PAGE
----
Turkish warplanes attacked an Iraqi village this morning, and later confirmed 34 Kurdish rebels had been killed in secret attacks over the past three days.
The Iraqi official, speaking on condition of anonymity, said a Kurdish village in mountainous country 25km northeast of the northern town of Dahuk, had been heavily bombed at midday. He gave no details of damage.
Turkish security sources said earlier that Turkish warplanes had flown a series of sorties 20km into Iraq in the past three days, while some 300 troops had advanced about 10km into northern Iraq.
A Turkish military official said further "hot pursuit raids" could be expected.
Turkey, which has Nato's second biggest army, has deployed as many as 100,000 troops, backed by tanks, heavy artillery, F-16 fighter jets and helicopter gunships, along the mountainous border in preparation for a possible large-scale strike.
Turkey's government is under pressure at home to strike at separatist guerrillas hiding in the northern Iraqi mountains who have stepped up attacks on Turkish soldiers this year.
Baghdad has pledged to act against the rebels. A Turkish official on Wednesday quoted Iraqi President Jalal Talabani as saying Iraq might hand over PKK militants to Turkey, but Talabani denied this.
"We have said many times that the PKK leadership does not exist in Kurdish cities but are living with thousands of their fighters in the Qandil mountains, so it is not possible for us to arrest and hand them over to Turkey," he said in a statement.
The Turkish official described a planned visit by an Iraqi delegation to Ankara on Thursday as a "final chance" for diplomacy. At Turkey's request, the team will be headed by Iraqi Defence Minister General Abdel Qader Jassim. It will also include Iraqi National Security Minister Shirwan al Waeli.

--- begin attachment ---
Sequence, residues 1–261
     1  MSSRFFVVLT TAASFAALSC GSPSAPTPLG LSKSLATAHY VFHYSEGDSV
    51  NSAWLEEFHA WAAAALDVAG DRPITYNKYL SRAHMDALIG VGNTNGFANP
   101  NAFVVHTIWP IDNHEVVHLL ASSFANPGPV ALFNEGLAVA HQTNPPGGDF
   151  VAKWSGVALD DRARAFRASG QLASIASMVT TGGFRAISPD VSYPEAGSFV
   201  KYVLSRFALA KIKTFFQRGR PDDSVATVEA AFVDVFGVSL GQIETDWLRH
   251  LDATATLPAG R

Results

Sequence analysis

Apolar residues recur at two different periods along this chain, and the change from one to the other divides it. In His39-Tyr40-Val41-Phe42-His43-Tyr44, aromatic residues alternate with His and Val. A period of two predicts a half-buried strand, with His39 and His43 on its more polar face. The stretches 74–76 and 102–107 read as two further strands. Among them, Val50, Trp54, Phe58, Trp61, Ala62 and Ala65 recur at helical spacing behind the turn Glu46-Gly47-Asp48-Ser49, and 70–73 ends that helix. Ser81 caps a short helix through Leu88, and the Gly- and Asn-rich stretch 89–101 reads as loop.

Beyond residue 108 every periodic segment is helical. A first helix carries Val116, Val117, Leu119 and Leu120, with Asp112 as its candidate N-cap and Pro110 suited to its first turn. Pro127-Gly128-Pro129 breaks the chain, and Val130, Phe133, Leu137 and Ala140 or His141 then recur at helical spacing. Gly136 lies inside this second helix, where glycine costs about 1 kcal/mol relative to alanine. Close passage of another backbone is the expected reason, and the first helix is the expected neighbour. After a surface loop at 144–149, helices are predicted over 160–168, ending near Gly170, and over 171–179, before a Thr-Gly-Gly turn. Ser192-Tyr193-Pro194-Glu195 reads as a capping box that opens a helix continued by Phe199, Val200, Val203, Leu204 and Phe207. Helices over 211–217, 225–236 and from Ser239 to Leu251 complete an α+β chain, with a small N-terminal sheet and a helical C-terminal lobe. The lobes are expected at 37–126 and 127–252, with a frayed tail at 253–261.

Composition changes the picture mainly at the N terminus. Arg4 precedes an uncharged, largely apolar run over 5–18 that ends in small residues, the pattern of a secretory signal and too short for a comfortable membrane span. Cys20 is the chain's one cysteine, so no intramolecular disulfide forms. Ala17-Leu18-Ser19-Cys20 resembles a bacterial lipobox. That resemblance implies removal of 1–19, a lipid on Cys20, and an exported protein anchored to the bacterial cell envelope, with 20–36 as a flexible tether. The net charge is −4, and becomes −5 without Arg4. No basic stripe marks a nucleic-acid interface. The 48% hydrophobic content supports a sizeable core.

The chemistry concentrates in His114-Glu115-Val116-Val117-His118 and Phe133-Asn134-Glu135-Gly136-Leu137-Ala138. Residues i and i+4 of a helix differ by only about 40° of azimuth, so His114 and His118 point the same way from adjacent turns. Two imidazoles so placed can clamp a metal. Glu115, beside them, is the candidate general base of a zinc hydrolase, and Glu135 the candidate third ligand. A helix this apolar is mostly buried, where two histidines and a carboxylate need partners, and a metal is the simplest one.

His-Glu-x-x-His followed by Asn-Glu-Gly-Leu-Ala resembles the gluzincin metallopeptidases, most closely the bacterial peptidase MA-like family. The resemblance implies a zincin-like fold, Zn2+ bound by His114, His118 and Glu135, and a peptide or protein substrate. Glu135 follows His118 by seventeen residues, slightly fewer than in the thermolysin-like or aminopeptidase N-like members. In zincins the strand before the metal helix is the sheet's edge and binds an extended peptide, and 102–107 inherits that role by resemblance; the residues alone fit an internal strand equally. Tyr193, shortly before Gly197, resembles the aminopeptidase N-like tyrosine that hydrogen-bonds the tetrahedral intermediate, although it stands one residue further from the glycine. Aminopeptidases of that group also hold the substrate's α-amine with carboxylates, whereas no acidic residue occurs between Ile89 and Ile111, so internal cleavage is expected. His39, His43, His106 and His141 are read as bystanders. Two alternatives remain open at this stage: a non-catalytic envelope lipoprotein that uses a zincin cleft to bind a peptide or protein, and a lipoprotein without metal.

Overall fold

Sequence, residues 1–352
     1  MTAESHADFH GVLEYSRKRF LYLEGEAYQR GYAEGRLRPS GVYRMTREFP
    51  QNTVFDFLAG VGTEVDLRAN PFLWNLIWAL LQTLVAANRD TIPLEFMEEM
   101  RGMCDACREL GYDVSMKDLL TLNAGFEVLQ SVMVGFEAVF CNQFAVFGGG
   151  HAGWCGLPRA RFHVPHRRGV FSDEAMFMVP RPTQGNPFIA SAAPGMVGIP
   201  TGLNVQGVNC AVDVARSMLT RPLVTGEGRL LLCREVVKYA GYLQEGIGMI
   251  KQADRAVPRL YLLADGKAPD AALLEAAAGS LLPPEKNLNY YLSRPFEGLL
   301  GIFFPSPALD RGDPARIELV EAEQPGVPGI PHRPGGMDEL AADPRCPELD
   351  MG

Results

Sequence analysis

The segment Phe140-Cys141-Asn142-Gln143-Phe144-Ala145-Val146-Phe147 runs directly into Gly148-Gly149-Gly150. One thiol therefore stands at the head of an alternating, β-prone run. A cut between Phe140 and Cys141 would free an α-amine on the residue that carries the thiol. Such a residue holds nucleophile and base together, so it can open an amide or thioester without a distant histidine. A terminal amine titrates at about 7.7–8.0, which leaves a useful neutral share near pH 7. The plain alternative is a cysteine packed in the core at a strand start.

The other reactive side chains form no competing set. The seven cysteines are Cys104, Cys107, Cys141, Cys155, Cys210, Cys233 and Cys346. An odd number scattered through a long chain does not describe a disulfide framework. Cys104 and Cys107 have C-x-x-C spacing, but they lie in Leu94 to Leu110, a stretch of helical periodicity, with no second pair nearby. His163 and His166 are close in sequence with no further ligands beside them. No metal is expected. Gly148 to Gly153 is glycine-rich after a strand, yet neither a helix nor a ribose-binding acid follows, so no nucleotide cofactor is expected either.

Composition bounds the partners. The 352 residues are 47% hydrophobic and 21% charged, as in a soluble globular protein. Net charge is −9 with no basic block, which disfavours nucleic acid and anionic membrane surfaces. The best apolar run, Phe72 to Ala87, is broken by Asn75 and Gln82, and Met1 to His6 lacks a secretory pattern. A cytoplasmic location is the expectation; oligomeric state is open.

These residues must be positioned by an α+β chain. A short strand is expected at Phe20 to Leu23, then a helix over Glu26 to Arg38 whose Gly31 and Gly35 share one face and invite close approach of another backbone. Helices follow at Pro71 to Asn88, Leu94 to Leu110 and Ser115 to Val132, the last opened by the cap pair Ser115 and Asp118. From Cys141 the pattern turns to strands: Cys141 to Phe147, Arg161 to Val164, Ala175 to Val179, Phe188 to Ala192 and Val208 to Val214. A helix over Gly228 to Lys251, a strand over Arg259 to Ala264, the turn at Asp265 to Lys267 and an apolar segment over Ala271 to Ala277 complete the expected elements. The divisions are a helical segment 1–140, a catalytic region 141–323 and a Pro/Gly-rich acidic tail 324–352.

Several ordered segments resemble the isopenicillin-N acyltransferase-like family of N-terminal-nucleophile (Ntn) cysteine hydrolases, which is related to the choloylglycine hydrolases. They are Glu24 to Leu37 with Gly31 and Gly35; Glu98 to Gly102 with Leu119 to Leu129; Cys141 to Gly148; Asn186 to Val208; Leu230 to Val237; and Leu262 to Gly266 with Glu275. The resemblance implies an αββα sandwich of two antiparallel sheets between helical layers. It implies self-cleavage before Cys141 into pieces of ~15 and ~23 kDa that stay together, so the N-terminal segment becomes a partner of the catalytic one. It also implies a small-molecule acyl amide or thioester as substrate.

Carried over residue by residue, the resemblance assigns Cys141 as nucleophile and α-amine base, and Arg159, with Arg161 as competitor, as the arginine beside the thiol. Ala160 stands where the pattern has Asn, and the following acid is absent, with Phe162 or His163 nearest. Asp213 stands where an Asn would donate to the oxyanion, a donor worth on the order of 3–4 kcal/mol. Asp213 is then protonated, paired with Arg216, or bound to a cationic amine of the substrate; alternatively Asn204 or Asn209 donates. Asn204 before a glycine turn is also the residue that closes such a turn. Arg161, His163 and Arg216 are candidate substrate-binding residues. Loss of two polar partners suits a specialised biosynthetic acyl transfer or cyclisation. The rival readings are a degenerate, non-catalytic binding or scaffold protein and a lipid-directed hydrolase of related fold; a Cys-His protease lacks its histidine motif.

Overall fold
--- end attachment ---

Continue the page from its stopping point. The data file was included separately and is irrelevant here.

Washington and Baghdad fear a major Turkish incursion into northern Iraq could destabilise the whole region. But Turkish Prime Minister Tayyip Erdogan's government is under heavy public pressure to take tough action, especially since Sunday's deaths.
"If I look at the Turkish government as it has acted up until now I think the Turkish government is showing restraint - remarkable restraint under present circumstances," Nato Secretary-General Jaap de Hoop Scheffer told reporters at a meeting of the alliance's defence ministers.
US Secretary of State Condoleezza Rice told the House Foreign Affairs Committee on Wednesday she had told Erdogan on Sunday that she took the situation "extremely seriously".
"Iraq should not be a place where terrorism can hurt Turkey," she said. "We have a list of things that we believe, if they are undertaken, will help to deal with this situation," she added, citing Iraq's pledge to close PKK offices there.
Ankara is sceptical about Baghdad's ability to crack down on the PKK in northern Iraq, a mainly Kurdish region where the central government has little clout. The publication of photographs said to show eight Turkish soldiers captured by the PKK has added to pressure on Ankara to act.
US troops are largely absent from northern Iraq.
The PKK's Jaderji said the eight soldiers were in good health but no decision had been made on whether to release them.
Ankara blames the PKK for the deaths of more than 30,000 people since the group launched its armed campaign for an ethnic homeland in southeast Turkey in 1984.
Turkey's National Security Council, comprising political leaders and army top brass, met and said it had recommended that Turkey take economic measures against groups which aid the PKK.
Northern Iraq depends heavily on Turkey for power, water and food supplies. Iraqi Kurdish leader Masoud Barzani has infuriated Turkey by refusing to act against the PKK. He has said his peshmerga fighters will resist any Turkish incursion.